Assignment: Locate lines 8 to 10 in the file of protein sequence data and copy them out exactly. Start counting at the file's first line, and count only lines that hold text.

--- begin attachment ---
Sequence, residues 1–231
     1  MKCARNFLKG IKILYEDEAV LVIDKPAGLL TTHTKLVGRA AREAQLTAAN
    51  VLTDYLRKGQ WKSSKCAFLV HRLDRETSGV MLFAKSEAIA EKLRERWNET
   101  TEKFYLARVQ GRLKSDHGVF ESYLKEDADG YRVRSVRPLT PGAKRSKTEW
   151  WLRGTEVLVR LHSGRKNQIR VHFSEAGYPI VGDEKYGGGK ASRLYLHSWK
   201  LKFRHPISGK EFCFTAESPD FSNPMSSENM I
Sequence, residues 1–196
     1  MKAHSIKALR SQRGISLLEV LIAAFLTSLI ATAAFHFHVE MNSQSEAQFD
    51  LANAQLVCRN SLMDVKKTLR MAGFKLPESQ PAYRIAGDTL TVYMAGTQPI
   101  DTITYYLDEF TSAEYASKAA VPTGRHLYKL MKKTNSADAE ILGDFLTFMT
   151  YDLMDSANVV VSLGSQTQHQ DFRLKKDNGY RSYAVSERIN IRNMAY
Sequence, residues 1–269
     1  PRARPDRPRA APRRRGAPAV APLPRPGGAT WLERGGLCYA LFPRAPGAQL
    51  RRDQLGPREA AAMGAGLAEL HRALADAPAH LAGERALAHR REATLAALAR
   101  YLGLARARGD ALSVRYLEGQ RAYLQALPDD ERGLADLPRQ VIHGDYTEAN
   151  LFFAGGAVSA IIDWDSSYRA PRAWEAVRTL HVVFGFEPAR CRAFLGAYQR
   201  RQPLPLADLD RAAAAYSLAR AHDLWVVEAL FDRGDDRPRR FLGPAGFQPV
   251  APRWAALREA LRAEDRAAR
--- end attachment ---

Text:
     1  MKAHSIKALR SQRGISLLEV LIAAFLTSLI ATAAFHFHVE MNSQSEAQFD
    51  LANAQLVCRN SLMDVKKTLR MAGFKLPESQ PAYRIAGDTL TVYMAGTQPI
   101  DTITYYLDEF TSAEYASKAA VPTGRHLYKL MKKTNSADAE ILGDFLTFMT